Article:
Fedde Le Grand has struck an admirable balance as an electronic music artist. Nobody can dispute the mass appeal of his better-known material – and yet, he’s also still managed to make time for projects that pay homage to his more obscure roots.
Being that dance music’s current climate is largely defined by a dichotomy between both worlds, the timing is perfect for the Dutch DJ/producer to release his fourth studio album, Something Real. After spending last year’s festival season reinserting himself into mainstream awareness with his spectacular GRAND stage shows, the effort will make for a memorable career mile marker of sorts.
Shortly after putting the finishing touches on the last of Something Real‘s tracks, Fedde spoke with us about some of the songs on the album as well as his other recent endeavors.
Check out what he had to say below, and look out for Something Real as it releases on February 26th.
It’s coming up on a year since we spoke with you at Ultra. Tell me about what the past year in the life of Fedde has been like.
Fedde Le Grand: Pretty good, actually. Last year was the first time we did my new GRAND show here in Holland. Six sold-out shows, and now we’re moving to the Ziggo Dome which is literally the biggest venue we have in Holland, so that’s very cool.
Musically, mainly I’ve been working on my new album. Of course, I also did a few releases in between, but mainly it’s been all about the album – it’s officially finished, which is good. I think those have been my main focus points that were out of the ordinary.
I noticed that Jonathan Mendelsohn is featured as the vocalist on two different tracks on the album. Do you two have a pretty good working relationship?
Fedde Le Grand:I’ve known him for a long time now. He’s a very easy-going guy, and actually he’s here in Holland a lot in general because he has a lot of friends here, and we just write together very easily. You can’t really force any collaboration; you either have chemistry or you don’t. We get along great, and have the same ideas about music in general – and I love his voice. He’s a great live performer as well, but also in the studio we just work together really well.
On the other hand, I was surprised to see a Merk & Kremont collaboration on the album because they haven’t done a whole lot lately. How did that come about?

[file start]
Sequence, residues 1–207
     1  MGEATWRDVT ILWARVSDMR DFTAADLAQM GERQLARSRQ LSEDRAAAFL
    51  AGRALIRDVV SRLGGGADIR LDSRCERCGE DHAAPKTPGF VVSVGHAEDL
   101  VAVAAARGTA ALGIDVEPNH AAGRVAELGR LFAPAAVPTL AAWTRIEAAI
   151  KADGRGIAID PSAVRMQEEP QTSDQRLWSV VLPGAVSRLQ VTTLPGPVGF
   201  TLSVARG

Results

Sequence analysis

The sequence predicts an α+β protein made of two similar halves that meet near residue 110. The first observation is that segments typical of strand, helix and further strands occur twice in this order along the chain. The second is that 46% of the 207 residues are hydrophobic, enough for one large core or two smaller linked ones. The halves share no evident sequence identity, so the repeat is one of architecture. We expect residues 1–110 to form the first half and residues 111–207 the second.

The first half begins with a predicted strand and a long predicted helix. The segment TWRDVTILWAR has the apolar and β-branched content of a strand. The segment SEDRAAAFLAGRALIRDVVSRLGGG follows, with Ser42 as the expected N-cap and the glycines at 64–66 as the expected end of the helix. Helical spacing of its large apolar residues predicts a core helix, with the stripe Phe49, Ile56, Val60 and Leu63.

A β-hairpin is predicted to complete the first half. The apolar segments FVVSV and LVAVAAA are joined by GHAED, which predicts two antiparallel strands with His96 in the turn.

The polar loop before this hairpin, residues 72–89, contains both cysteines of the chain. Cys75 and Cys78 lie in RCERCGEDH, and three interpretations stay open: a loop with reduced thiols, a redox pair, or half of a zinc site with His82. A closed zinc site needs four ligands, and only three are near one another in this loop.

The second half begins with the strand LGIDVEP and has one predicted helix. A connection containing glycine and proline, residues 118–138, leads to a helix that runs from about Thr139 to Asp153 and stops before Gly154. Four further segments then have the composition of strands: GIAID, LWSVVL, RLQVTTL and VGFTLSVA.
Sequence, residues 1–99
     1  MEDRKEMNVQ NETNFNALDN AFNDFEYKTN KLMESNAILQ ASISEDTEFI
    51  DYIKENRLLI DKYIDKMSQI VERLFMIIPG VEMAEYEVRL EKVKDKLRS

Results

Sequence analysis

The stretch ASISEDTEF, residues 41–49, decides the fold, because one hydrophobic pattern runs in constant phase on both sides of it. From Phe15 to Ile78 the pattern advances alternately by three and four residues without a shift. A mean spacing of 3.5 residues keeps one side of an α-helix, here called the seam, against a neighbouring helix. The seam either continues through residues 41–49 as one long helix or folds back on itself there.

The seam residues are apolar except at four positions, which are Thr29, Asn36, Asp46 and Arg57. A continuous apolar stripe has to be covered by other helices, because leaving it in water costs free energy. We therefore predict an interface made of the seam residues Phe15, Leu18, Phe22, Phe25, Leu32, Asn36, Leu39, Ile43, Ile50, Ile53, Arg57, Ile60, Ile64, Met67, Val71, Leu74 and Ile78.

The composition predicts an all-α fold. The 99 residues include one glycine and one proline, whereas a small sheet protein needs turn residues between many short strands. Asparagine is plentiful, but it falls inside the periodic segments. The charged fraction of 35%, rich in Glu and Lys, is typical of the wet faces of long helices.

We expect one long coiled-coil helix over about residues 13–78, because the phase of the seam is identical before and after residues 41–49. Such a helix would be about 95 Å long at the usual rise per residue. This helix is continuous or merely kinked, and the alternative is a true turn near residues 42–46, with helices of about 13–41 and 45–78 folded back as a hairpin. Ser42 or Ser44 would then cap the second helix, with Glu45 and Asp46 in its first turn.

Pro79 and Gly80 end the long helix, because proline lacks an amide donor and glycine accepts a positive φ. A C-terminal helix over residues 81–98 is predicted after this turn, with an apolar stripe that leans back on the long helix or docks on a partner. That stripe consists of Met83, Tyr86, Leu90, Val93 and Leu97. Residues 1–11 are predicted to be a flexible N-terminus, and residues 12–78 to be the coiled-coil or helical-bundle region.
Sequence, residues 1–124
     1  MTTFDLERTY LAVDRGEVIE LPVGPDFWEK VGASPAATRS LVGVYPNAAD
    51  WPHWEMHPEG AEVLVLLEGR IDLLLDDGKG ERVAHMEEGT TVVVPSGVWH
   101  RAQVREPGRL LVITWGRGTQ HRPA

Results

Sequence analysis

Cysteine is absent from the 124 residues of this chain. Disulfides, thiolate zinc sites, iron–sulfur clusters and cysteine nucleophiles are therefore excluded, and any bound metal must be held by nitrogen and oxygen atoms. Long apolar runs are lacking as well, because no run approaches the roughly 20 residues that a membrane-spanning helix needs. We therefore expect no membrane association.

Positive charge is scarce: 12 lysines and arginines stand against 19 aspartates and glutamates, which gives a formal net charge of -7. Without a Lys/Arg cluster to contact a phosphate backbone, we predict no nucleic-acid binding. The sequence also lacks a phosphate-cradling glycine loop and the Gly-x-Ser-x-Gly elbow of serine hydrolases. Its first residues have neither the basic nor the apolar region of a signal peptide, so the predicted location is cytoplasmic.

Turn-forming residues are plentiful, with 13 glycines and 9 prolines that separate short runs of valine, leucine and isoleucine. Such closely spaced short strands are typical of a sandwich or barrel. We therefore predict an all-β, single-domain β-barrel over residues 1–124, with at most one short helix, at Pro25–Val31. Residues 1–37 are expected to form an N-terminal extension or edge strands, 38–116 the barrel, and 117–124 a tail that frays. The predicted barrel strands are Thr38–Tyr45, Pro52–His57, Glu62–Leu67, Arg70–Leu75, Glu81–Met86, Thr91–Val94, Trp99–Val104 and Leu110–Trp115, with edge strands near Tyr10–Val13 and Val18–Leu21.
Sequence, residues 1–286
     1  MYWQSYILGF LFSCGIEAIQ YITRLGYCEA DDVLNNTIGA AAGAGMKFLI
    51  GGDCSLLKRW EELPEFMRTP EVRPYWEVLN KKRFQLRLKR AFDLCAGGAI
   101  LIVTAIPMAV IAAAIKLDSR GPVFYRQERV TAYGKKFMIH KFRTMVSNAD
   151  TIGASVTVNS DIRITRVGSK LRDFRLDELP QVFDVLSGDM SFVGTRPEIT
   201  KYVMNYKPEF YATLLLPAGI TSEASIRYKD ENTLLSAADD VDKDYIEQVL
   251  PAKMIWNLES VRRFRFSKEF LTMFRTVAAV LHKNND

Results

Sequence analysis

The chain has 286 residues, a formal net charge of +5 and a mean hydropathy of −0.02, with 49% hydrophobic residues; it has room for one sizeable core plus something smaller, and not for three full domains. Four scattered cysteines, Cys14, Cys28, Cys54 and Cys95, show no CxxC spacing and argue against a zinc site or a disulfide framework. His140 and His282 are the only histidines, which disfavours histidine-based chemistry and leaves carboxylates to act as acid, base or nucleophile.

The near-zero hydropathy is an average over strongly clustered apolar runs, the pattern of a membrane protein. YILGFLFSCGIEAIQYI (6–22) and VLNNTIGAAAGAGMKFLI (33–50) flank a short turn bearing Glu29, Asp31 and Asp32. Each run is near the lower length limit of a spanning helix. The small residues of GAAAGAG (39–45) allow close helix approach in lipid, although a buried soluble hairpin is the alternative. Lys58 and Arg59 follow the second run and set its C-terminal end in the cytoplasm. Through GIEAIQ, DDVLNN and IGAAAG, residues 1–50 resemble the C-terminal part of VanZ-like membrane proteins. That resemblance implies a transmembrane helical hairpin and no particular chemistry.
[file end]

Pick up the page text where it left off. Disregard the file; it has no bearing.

Fedde Le Grand:There’s a few guys that I always keep an eye on, like Jewelz & Sparks, Paris & Simo – somehow they’re all acts of two people, but that’s just a coincidence – and Merk & Kremont are some of them. I think they did one successful release last year that was pretty good – “Get Get Down.”
They’re just really talented, and in general I just think it’s fun to work with those people, and it’s nice to give kids a chance that might not be super well known already. With my label, it’s always been about pushing the smaller guys because there’s so much talent out there that I personally feel doesn’t get a fair chance.
It’s interesting that you chose to remix the ‘90s classic “Rhythm of the Night” by Corona, because there are already a lot of recent remixes of the track. What made you decide to do so anyways?
Fedde Le Grand: It was actually just by chance. I personally didn’t like the versions that were out already so I did a bootleg, and while we were working on the album the guy who does the whole back office of my label said, “Why not see if we can clear it?” All the previous versions had all been re-sang, and we got the okay from Corona, who’s actually still singing, which I think is amazing.
That was actually by chance, and since it’s been ten years since the start of my international career, it was kind of like a fun bonus track thing to do because it’s a bit nostalgic as well, and it’s been a big part of me growing up and going out and getting into dance music back then. I knew there were already a lot of versions, but this one has the official vocal, which is kind of an honor. It all came together, and it was really nice because I loved working on it.